As a warm-up, I read back over Detective Comics #36, 46, & 471-472, the Hugo Strange story from Batman #1, and Batman and the Monster Men #1-6. Now that I’ve finished “Prey,” I’m reading over its direct sequel, “Terror” (LOTDK #137-141), which is also a sequel to Doug Moench’s Scarecrow origin story in Batman Annual #19.
“Prey” is predominantly inspired by Steve Englehart’s characterization of Hugo Strange from the aforementioned 'Tec #472, where the deranged doctor dons the cape and cowl after capturing Batman and discovering his true identity. Moench had already written a Hugo Strange story in the barely pre-Crisis Batman Annual #10, so it’s unsurprising that his work in this book most closely resembles the Bronze Age version of the character. Very little is taken from his early appearances other than his supposed death (which takes its cue from Strange’s fall-to-possible-death fates from 'Tec #36 & 46). “Terror,” on the other hand, seems to be a conscious effort to update 'Tec #46, where Strange uses a fear gas about 2/3 of a year before the introduction of the Scarecrow.
The relationship between “Prey” and Batman and the Monster Men is a bit, well, strange. Both “Prey” and its sequel were written years before Matt Wagner wrote BATMM (though Wagner made his first contribution to LOTDK, “Faces,” about a year after the last issue of “Prey”). Despite the fifteen-year gap between the publications, Monster Men still does treat “Prey” as semi-canonical. In fact, the last issue of Wagner’s book leads directly into the opening of LOTDK #11. However, Wagner establishes that Batman had just faced off against Hugo Strange, while “Prey” gives no indication that the characters had ever met previously. (To be fair, they never actually say outright that they HAVEN’T met, but the intention is obvious.) Also, Bruce makes a Batmobile near the end of BATMM, and he’s already making a new one in the first issue of “Prey.” Slow it down, Wayne!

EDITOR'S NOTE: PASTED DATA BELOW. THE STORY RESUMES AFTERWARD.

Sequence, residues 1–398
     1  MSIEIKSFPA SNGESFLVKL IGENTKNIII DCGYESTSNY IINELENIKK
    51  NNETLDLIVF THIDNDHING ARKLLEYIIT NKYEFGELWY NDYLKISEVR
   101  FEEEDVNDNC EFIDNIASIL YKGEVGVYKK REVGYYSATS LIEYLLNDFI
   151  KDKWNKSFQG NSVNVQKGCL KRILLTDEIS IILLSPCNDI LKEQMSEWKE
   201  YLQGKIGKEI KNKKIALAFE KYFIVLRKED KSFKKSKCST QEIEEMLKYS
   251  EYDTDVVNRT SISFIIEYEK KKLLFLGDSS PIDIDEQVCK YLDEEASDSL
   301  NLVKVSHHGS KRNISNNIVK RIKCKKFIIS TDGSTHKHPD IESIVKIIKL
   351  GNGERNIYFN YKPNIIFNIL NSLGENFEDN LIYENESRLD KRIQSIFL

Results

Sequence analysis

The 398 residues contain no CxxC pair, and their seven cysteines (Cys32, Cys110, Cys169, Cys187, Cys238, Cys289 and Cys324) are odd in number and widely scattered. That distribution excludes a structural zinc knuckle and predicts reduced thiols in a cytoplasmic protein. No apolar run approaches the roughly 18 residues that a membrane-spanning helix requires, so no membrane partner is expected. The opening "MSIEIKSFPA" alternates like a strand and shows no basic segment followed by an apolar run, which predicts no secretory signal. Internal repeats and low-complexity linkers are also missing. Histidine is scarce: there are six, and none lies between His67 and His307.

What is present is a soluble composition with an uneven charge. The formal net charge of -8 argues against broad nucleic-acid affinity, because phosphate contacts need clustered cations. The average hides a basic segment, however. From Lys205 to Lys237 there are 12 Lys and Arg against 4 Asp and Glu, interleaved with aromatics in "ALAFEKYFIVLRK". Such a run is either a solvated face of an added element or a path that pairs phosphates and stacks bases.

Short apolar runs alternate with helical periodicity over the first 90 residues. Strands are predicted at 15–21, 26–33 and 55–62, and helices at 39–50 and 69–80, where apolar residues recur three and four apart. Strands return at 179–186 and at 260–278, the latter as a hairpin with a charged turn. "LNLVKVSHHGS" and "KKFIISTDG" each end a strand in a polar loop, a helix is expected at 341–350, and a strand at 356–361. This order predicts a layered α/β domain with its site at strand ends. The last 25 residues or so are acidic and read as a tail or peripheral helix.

I’ll admit that I have mixed feelings about both Moench’s and Wagner’s attempts at a first appearance of post-Crisis Hugo Strange, and I think Moench did much better with his sequel. Granted, the character’s original debut wasn’t the greatest Golden Age story either: his scheme is to create fake fog so that his cronies can rob some banks, and Batman inexplicably already thinks of him as “the most dangerous man in the world” before even facing him. His next two appearances were a vast improvement, and it’s no wonder that these authors took their cues from those stories and from Strange Apparitions when reviving the character.
I just wish that I could honestly say that either of these reboots were more than just decent. “Prey” gets really sidetracked with a vigilante cop subplot and a rather pointless series of Catwoman cameos (which seem to be there simply to serve as a callback to Year One), while Monster Men feels like it owes as much to Mask of the Phantasm as it does the original monster men story from Batman #1.